Then the technology bubble burst, and reverse auctions rapidly declined. Now, federal agencies don’t use the
procurement tool to the degree that they could, Drabkin said. But that attitude might be changing.
Part of the problem is that some agency officials apparently believe reverse auctions aren’t allowed, Drabkin said.
However, ―there is no prohibition currently in the [Federal Acquisition Regulation] or in any statute to using
reverse auctioning as a tool in government procurement,‖ he said. ―In fact, when you look at the FAR Part 1 we
wrote in 1993, [there is] some very helpful language that says if it’s not prohibited, it’s permitted.‖
To boost federal agencies’ use of reverse auctions, GSA recently signed a five-year contract with online
marketplace FedBid to provide such services.
Reverse auctions work only for some commodity buys, Drabkin said. The approach doesn’t work well for
integrated solutions. ―It does work very well with off-the-shelf types of purchases, items that can be characterized
and quantified,‖ he said.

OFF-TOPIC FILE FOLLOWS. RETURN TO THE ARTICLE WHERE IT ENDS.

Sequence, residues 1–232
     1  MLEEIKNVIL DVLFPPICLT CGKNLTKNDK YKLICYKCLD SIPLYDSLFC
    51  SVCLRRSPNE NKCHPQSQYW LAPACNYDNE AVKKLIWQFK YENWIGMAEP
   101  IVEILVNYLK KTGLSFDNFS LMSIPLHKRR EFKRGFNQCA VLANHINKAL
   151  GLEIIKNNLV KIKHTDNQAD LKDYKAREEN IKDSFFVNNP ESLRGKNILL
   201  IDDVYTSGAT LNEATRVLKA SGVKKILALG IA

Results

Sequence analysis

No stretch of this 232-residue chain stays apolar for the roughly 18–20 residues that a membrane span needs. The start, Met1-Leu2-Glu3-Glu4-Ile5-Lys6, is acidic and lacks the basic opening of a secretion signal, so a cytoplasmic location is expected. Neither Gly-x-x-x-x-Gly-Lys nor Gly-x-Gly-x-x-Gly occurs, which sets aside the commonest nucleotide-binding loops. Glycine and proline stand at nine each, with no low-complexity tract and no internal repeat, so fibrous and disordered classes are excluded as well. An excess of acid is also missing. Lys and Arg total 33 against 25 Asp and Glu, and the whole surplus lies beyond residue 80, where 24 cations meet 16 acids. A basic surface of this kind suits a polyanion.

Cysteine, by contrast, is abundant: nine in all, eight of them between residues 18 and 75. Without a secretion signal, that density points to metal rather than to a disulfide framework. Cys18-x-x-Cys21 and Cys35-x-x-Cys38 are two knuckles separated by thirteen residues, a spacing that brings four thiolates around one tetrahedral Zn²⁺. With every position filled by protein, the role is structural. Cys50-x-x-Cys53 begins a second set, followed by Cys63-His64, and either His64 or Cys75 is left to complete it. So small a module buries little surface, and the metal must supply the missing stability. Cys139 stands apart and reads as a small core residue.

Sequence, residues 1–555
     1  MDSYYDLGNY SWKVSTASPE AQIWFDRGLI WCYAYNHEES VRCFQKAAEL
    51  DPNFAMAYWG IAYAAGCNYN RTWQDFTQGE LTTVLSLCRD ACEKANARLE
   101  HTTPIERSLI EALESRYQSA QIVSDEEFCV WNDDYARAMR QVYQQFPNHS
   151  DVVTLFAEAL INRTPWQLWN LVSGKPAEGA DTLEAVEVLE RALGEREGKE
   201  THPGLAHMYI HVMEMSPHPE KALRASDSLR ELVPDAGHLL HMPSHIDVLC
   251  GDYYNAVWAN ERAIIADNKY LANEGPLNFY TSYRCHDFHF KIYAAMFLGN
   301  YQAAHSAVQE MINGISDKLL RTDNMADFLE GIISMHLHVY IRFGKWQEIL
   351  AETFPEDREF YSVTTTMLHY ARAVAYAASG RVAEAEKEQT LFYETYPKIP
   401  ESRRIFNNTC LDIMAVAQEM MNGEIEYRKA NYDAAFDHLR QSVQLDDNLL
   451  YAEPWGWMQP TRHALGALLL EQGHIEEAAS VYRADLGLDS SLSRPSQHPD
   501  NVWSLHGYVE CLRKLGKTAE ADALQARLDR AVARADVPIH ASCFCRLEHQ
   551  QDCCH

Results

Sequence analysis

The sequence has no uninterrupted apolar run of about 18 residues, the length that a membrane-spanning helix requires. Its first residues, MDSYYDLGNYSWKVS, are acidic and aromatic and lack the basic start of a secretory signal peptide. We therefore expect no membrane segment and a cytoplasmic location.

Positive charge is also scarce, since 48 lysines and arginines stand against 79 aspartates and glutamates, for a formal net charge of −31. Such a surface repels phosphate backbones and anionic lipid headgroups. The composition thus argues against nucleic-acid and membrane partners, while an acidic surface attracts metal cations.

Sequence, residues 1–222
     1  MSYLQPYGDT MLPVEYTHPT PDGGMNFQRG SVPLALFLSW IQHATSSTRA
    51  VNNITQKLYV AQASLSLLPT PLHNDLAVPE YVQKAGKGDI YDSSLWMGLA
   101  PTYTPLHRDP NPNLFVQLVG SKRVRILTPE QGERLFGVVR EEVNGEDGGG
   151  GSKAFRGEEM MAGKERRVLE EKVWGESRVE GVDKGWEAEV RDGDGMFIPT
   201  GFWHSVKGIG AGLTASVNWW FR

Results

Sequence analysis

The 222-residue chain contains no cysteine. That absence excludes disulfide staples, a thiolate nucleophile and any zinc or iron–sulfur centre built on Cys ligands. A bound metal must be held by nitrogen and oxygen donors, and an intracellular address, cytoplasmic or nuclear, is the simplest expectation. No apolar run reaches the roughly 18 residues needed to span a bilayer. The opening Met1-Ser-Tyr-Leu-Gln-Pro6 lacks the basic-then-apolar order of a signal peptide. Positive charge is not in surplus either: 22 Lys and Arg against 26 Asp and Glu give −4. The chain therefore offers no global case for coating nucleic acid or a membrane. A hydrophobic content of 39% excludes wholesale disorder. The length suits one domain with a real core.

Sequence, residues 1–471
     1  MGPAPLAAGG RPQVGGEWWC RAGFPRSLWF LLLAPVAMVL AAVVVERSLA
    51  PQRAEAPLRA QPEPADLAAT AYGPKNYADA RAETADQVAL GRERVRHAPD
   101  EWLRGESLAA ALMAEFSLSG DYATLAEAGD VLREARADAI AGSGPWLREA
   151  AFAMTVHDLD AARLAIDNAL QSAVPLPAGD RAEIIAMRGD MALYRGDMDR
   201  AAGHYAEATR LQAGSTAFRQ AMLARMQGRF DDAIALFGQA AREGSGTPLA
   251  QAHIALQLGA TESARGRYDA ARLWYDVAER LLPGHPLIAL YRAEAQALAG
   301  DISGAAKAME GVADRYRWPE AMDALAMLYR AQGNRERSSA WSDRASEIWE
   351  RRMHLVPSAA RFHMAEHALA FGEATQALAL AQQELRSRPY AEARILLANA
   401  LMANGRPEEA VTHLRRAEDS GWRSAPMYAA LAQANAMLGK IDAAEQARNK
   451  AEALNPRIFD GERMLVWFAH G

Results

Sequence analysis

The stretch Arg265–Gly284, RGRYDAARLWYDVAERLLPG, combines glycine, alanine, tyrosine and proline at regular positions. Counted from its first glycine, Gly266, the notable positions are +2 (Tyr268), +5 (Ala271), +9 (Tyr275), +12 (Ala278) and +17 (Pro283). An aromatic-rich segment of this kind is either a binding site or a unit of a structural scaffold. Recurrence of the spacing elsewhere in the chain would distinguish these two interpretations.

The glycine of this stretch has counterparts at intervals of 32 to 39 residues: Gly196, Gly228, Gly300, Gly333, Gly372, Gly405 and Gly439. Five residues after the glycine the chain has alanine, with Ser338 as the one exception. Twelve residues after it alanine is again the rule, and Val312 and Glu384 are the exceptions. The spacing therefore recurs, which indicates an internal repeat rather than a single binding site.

Such purchases include computers, peripheral devices, laptop PCs and other products that some agencies order
by the truckload, including lower-tech supplies.
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Brendan Walsh, FedBid’s co-founder and vice president, said the company’s first year of operation — 2002 —
was weak because the technology bubble had just burst.
Now he sees new, more focused light at the end of the tunnel. Since then, the company has facilitated more than
17,000 online reverse auctions for a variety of federal agencies.
Typical buys are worth $2,500 to $100,000, with FedBid receiving a maximum 3 percent fee. Walsh is in the
process of expanding the company’s offices to accommodate the growth. He identified the other major factor
limiting agencies’ use of reverse auctions: vendors’ reluctance to participate.
―We’ve heard from a few sellers who don’t like to compete,‖ he said. ―Typically, they see themselves losing some